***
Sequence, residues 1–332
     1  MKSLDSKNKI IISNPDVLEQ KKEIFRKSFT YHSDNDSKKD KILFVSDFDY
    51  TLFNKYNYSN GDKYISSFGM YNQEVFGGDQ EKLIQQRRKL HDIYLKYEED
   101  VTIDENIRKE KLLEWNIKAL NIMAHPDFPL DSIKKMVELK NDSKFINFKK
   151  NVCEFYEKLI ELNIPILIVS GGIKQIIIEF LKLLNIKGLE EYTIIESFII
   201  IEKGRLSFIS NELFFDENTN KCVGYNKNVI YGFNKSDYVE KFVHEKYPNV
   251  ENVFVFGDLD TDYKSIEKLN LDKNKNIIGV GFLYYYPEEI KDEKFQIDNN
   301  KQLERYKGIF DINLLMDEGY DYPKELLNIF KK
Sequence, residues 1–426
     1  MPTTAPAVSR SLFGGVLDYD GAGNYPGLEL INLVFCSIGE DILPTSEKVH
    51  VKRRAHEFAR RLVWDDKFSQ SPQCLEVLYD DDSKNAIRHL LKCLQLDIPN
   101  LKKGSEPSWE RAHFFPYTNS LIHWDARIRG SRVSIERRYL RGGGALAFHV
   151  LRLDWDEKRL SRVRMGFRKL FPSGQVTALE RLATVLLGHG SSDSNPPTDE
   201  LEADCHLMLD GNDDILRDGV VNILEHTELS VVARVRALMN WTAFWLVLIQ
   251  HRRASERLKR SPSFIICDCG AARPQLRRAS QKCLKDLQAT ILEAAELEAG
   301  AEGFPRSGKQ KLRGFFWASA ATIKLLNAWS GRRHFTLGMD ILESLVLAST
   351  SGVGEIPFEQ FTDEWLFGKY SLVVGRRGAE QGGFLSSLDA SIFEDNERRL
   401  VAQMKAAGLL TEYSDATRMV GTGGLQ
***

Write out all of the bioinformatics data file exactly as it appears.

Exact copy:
Sequence, residues 1–332
     1  MKSLDSKNKI IISNPDVLEQ KKEIFRKSFT YHSDNDSKKD KILFVSDFDY
    51  TLFNKYNYSN GDKYISSFGM YNQEVFGGDQ EKLIQQRRKL HDIYLKYEED
   101  VTIDENIRKE KLLEWNIKAL NIMAHPDFPL DSIKKMVELK NDSKFINFKK
   151  NVCEFYEKLI ELNIPILIVS GGIKQIIIEF LKLLNIKGLE EYTIIESFII
   201  IEKGRLSFIS NELFFDENTN KCVGYNKNVI YGFNKSDYVE KFVHEKYPNV
   251  ENVFVFGDLD TDYKSIEKLN LDKNKNIIGV GFLYYYPEEI KDEKFQIDNN
   301  KQLERYKGIF DINLLMDEGY DYPKELLNIF KK
Sequence, residues 1–426
     1  MPTTAPAVSR SLFGGVLDYD GAGNYPGLEL INLVFCSIGE DILPTSEKVH
    51  VKRRAHEFAR RLVWDDKFSQ SPQCLEVLYD DDSKNAIRHL LKCLQLDIPN
   101  LKKGSEPSWE RAHFFPYTNS LIHWDARIRG SRVSIERRYL RGGGALAFHV
   151  LRLDWDEKRL SRVRMGFRKL FPSGQVTALE RLATVLLGHG SSDSNPPTDE
   201  LEADCHLMLD GNDDILRDGV VNILEHTELS VVARVRALMN WTAFWLVLIQ
   251  HRRASERLKR SPSFIICDCG AARPQLRRAS QKCLKDLQAT ILEAAELEAG
   301  AEGFPRSGKQ KLRGFFWASA ATIKLLNAWS GRRHFTLGMD ILESLVLAST
   351  SGVGEIPFEQ FTDEWLFGKY SLVVGRRGAE QGGFLSSLDA SIFEDNERRL
   401  VAQMKAAGLL TEYSDATRMV GTGGLQ